See Also: Post Office Protocol Version 3.

Internet Printing Protocol
(IPP)
Internet Protocol
(IP)

The packet transmitting protocol that is the basic protocol on the Internet. Originally developed at the U.S. Department of Defense and an extremly important part of the TCP/IP stack. Without the Internet Protocol, the Internet would not have become what it is today. For more information, see RFC 791.

Internet Service Provider
(ISP)

A company that provides access to the Internet.

K

KAME

Japanese for “turtle”, the term KAME is used in computing circles to refer to the KAME Project, who work on an implementation of IPv6.

KDC

See: Key Distribution Center

KLD

See: Kernel ld(1)

KSE

See: Kernel Scheduler Entities

KVA

See: Kernel Virtual Address

Kbps

See: Kilo Bits Per Second

Kernel ld(1)
(KLD)

A method of dynamically loading functionality into a FreeBSD kernel without rebooting the system.

Kernel Scheduler Entities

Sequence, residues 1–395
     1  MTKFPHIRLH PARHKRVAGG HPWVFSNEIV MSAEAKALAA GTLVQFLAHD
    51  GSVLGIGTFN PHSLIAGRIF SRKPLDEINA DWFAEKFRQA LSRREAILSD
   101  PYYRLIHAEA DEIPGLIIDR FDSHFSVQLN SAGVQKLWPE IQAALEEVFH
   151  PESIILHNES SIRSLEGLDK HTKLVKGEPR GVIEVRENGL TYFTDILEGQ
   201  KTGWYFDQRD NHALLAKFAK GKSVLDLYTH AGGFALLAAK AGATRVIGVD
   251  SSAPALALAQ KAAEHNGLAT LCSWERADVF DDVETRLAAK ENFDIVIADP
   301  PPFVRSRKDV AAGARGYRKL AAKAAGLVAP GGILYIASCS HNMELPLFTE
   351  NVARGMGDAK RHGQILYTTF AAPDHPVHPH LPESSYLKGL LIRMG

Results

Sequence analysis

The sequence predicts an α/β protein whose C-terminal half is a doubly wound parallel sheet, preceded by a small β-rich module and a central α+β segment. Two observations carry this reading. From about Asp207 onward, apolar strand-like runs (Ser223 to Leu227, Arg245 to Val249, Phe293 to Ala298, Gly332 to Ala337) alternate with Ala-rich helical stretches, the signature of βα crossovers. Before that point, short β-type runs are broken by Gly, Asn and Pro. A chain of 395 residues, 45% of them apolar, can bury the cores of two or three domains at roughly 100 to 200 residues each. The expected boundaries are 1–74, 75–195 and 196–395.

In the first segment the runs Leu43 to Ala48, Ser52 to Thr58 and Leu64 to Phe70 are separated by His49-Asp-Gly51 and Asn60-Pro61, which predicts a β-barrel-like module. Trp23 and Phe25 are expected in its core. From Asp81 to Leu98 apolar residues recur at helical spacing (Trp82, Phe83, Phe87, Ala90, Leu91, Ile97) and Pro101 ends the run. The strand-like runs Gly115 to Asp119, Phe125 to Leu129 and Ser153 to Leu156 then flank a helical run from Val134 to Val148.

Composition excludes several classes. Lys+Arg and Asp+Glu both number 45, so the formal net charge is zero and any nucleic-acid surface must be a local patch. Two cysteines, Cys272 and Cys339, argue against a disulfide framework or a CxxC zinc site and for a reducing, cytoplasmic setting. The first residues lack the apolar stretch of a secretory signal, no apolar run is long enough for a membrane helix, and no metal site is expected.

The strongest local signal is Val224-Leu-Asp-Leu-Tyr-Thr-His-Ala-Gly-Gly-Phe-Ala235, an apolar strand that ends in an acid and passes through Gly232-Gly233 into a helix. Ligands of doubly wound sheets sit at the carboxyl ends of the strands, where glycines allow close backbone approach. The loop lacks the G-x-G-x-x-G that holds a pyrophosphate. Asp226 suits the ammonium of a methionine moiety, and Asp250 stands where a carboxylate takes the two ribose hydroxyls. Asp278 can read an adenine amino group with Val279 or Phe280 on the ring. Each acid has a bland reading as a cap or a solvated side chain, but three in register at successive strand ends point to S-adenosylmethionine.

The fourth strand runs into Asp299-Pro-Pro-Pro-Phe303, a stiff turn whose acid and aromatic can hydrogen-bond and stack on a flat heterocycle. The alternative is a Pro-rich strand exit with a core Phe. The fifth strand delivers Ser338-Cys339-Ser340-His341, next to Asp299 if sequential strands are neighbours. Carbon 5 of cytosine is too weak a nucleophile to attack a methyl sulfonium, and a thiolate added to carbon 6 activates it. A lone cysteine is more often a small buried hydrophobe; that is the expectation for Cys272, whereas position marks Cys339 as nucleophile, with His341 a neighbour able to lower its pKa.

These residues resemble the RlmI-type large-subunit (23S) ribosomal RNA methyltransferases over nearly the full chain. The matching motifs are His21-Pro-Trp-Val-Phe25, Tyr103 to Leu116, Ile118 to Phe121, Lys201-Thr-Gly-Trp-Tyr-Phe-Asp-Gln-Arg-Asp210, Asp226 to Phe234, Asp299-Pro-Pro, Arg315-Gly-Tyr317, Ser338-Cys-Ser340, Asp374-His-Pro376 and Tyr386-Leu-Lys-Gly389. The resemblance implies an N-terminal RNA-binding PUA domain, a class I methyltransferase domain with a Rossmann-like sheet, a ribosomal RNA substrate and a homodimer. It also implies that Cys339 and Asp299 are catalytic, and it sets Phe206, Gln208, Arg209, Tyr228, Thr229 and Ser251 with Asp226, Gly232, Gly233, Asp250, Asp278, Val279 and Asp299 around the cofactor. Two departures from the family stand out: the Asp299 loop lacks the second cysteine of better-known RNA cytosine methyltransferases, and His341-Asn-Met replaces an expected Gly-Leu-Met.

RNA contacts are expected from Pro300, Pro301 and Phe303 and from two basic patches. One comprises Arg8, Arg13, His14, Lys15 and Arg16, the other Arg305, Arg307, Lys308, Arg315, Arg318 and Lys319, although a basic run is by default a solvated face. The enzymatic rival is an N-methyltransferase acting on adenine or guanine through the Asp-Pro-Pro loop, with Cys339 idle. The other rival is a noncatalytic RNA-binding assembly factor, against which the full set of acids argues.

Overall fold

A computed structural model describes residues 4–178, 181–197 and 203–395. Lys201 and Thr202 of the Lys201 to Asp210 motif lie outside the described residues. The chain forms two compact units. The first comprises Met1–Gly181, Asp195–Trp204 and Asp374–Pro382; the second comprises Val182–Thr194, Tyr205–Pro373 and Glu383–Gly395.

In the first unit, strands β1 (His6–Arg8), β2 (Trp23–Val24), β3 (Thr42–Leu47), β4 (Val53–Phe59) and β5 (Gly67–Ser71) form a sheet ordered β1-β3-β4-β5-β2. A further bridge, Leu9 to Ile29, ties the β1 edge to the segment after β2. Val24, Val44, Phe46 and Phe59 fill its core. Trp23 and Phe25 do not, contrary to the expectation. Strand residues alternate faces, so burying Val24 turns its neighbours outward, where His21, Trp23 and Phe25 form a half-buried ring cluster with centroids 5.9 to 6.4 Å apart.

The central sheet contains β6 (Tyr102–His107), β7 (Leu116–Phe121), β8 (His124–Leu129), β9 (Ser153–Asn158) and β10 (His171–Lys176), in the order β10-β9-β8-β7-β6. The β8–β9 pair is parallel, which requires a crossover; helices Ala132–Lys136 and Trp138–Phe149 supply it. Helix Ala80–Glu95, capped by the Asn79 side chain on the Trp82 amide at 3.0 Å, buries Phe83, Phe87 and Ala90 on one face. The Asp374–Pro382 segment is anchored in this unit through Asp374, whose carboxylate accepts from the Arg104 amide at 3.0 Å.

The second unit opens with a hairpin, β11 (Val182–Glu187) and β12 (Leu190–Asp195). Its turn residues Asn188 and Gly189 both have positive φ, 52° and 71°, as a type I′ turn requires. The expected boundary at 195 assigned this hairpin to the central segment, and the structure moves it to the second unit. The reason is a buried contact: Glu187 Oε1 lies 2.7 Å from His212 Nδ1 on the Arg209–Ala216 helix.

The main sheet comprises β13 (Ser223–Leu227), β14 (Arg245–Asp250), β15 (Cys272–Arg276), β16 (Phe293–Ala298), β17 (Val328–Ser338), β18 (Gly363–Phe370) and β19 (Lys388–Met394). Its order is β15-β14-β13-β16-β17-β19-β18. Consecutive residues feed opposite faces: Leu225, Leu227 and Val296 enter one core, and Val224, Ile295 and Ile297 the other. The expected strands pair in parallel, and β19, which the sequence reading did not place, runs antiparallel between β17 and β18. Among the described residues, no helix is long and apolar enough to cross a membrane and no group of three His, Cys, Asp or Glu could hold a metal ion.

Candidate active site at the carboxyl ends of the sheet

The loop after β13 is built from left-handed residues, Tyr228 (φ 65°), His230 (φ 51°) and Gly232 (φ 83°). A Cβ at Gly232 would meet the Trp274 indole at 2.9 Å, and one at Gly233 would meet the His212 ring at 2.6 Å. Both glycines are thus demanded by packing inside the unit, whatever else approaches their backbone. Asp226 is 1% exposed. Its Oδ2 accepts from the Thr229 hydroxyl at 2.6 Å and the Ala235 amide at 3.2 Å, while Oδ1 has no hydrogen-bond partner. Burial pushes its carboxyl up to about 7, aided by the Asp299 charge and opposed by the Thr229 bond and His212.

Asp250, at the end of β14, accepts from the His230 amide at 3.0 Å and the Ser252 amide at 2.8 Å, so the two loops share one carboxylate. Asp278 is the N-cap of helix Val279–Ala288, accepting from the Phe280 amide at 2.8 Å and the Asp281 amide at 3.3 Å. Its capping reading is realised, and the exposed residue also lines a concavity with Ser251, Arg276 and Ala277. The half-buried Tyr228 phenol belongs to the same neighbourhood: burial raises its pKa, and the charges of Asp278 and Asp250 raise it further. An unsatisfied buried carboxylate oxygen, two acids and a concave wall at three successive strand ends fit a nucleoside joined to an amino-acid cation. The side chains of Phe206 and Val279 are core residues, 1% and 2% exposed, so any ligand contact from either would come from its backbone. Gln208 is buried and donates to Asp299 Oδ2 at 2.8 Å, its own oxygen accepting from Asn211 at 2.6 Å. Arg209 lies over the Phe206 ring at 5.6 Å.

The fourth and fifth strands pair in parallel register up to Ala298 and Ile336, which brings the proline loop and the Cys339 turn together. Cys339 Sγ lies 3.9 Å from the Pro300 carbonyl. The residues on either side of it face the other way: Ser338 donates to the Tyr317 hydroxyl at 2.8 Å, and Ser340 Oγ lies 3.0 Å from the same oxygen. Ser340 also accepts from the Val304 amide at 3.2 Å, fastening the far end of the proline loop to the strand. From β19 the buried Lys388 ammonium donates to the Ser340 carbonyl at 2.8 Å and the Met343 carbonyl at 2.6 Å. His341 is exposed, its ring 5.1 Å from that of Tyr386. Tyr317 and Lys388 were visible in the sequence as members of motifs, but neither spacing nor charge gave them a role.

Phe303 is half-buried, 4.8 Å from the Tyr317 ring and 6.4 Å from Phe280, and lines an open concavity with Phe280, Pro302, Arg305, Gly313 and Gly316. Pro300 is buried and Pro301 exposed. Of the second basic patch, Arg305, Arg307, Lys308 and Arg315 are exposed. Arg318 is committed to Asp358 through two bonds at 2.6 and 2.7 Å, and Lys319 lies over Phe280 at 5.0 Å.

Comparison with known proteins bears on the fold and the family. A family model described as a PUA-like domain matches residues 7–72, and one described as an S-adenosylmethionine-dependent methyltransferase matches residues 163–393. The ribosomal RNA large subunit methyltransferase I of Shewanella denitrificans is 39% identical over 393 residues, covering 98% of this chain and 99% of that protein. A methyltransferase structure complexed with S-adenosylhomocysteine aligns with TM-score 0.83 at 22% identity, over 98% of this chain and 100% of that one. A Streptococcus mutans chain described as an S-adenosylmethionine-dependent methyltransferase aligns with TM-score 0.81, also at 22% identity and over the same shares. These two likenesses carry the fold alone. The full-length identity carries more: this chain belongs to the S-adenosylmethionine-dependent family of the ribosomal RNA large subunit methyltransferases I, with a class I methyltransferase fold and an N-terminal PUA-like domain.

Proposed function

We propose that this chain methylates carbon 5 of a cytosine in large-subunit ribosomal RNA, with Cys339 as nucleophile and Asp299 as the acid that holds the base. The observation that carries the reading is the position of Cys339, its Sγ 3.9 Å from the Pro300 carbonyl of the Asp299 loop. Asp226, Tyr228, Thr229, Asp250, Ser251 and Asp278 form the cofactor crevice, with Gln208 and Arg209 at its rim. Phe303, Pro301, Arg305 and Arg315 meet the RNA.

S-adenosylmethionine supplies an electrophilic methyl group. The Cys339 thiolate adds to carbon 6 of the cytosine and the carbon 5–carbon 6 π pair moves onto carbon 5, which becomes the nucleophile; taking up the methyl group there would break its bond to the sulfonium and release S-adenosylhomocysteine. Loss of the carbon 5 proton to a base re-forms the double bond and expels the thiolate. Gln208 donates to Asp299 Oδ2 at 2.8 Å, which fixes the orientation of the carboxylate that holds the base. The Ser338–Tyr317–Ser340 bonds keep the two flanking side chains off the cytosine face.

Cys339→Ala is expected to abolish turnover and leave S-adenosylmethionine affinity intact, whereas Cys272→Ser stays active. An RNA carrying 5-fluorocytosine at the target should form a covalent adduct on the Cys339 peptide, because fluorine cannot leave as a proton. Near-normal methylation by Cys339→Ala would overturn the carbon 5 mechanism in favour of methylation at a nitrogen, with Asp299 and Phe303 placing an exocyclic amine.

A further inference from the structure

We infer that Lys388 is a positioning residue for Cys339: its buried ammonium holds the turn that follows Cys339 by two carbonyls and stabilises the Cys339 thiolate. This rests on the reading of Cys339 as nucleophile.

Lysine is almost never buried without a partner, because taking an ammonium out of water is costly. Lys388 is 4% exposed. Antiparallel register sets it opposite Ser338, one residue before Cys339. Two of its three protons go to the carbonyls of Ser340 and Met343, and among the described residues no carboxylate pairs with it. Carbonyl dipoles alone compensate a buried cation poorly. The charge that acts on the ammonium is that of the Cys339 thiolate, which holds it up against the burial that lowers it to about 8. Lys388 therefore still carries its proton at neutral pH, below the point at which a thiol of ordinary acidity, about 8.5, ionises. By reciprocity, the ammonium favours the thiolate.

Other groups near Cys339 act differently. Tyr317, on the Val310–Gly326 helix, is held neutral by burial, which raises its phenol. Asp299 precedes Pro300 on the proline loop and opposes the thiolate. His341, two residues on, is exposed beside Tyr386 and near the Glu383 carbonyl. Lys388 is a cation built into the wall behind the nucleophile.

(KSE)

A kernel-supported threading system. See the project home page for further details.

Kernel Virtual Address
(KVA)
Key Distribution Center
(KDC)
Kilo Bits Per Second
(Kbps)

Used to measure bandwith (how much data can pass a given point at a specified amount of time). Alternates to the Kilo prefix include Mega, Giga, Tera, and so forth.

L

LAN

See: Local Area Network

LOR

See: Lock Order Reversal

LPD

See: Line Printer Daemon

Line Printer Daemon
(LPD)
Local Area Network
(LAN)

A network used on a local area, e.g. office, home, or so forth.

Lock Order Reversal
(LOR)

The FreeBSD kernel uses a number of resource locks to arbitrate contention for those resources. A run-time lock diagnostic system found in FreeBSD-CURRENT kernels (but removed for releases), called witness(4), detects the potential for deadlocks due to locking errors. (witness(4) is actually slightly conservative, so it is possible to get false positives.) A true positive report indicates that “if you were unlucky, a deadlock would have happened here”.

True positive LORs tend to get fixed quickly, so check http://lists.FreeBSD.org/mailman/listinfo/freebsd-current and the LORs Seen page before posting to the mailing lists.